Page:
Financial and tax due diligence
Due diligence is a review agreed in advance between the buyer and the seller focused on accounting, tax, economic, technical or other aspects of the company.
Due diligence involves a pre-agreed review between the buyer and the seller, encompassing various aspects of a company that a client intends to purchase, sell, finance, or control. This includes accounting, tax, economic, technical, or other areas. Financial due diligence focuses on scrutinising individual items in the target company’s financial statements to identify risks resulting from incorrect accounting or misstatements, such as overvalued assets or undervalued or undisclosed liabilities. Tax due diligence, on the other hand, centres on tax-related risks, including tax compliance and the correct application of tax laws.
The scope of due diligence is flexible, depending on the client’s needs. It can range from a basic review of key aspects to a comprehensive examination. The materiality threshold, which may vary across different risk areas, is established beforehand based on pre-agreed conditions.
Due diligence application
Primarily used in investment planning for business or asset acquisitions, due diligence is a crucial step for investors before executing a transaction. It can also be initiated by the seller. The findings from due diligence typically inform negotiations on the purchase price, aiming to prevent potential losses for the involved companies and to account for identified risks in the proposed purchase price. Additionally, due diligence is instrumental in securing financing (as required by the financing partner) and serves an audit function, such as when government bodies audit the management of state-funded organisations.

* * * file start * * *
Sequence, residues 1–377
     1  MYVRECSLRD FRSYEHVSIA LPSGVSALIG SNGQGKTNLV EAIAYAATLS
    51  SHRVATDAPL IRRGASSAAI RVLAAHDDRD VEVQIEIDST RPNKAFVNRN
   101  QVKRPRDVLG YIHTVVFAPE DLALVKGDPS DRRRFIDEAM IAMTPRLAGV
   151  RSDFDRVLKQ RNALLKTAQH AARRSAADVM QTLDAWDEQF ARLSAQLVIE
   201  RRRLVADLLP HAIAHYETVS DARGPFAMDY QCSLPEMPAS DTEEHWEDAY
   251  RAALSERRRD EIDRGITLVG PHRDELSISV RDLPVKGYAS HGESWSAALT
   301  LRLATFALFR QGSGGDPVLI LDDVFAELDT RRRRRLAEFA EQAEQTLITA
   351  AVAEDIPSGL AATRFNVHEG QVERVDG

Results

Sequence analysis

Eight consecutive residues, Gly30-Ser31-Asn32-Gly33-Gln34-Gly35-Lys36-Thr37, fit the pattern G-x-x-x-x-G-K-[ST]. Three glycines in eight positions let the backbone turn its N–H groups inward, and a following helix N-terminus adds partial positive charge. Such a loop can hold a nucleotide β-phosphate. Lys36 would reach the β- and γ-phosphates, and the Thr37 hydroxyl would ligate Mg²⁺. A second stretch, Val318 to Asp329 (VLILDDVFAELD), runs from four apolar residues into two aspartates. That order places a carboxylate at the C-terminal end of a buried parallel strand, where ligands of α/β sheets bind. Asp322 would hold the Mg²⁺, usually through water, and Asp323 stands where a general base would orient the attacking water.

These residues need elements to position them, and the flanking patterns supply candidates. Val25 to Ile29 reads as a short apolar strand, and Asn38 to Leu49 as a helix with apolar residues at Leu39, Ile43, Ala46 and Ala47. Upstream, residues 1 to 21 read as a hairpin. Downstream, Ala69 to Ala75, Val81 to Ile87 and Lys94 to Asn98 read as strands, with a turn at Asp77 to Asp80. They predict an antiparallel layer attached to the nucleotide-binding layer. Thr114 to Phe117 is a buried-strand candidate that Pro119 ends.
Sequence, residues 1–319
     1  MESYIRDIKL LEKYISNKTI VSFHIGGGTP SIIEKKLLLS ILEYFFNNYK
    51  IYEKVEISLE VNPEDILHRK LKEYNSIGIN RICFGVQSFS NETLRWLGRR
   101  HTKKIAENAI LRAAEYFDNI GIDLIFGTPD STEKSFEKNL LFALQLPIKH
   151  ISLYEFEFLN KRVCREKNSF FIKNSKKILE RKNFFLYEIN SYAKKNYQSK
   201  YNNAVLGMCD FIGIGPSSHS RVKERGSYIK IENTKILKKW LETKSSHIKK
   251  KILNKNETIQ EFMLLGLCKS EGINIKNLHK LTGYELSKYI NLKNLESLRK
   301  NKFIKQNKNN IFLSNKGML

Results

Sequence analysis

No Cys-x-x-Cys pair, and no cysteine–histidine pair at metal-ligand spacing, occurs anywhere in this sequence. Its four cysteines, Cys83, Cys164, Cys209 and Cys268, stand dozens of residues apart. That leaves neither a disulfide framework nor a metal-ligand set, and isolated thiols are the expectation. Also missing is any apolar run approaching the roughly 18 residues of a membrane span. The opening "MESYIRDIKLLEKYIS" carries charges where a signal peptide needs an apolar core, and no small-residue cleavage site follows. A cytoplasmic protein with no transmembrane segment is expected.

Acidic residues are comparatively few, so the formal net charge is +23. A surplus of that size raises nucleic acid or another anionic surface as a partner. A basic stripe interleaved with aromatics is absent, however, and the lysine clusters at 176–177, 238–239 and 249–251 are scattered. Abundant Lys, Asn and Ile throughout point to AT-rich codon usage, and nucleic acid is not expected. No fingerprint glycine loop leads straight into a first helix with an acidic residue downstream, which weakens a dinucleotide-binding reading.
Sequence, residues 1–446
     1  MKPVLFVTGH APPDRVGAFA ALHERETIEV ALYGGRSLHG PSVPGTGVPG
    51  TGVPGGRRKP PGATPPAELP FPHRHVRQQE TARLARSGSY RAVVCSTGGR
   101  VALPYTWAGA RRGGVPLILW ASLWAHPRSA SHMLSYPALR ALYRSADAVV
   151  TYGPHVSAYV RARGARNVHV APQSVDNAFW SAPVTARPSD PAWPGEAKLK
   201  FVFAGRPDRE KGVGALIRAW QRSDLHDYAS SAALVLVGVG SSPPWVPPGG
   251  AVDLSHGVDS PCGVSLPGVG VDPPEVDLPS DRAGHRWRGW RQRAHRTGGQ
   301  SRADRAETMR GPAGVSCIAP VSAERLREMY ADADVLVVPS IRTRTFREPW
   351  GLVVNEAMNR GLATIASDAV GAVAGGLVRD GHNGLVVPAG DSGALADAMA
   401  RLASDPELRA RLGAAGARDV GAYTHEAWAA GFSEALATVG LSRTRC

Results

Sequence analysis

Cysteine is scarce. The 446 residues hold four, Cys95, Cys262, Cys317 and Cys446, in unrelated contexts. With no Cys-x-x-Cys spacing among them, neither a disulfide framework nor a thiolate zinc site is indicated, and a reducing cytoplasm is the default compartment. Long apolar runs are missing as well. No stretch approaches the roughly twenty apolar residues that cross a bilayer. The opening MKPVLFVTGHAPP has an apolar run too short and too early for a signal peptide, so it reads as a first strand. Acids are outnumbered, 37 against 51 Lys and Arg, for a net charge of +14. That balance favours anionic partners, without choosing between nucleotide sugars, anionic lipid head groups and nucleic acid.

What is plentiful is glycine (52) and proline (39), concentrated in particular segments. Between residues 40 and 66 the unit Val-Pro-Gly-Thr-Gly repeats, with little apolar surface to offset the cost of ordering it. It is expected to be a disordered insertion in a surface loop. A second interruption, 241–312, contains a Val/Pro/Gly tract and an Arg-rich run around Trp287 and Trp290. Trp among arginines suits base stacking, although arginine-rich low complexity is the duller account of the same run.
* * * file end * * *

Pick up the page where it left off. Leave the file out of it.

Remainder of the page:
Potential risks if due diligence is not exercised
Neglecting due diligence can lead to unmet expectations from a transaction, such as when a target company fails to generate anticipated profits due to misrepresented results or increased costs from penalties for non-compliance. Thus, understanding potential risks is vital for informed decision-making.
Due diligence process
The advisor’s role primarily involves examining documents available in the data room, typically a virtual space providing authorised online access for document management and storage. Due to the sensitive nature of the information involved in a transaction, communication is generally restricted to a limited group of individuals. The advisor directs queries to a designated contact person, and the client is kept informed about the due diligence progress at regular intervals. This approach allows the client to engage in the review process and request further examination of specific areas as needed.
Due diligence report
The outcomes of the due diligence process are detailed in a comprehensive report that discusses each focus area and highlights potential issues. This report is valuable for negotiating the purchase price or securing financing.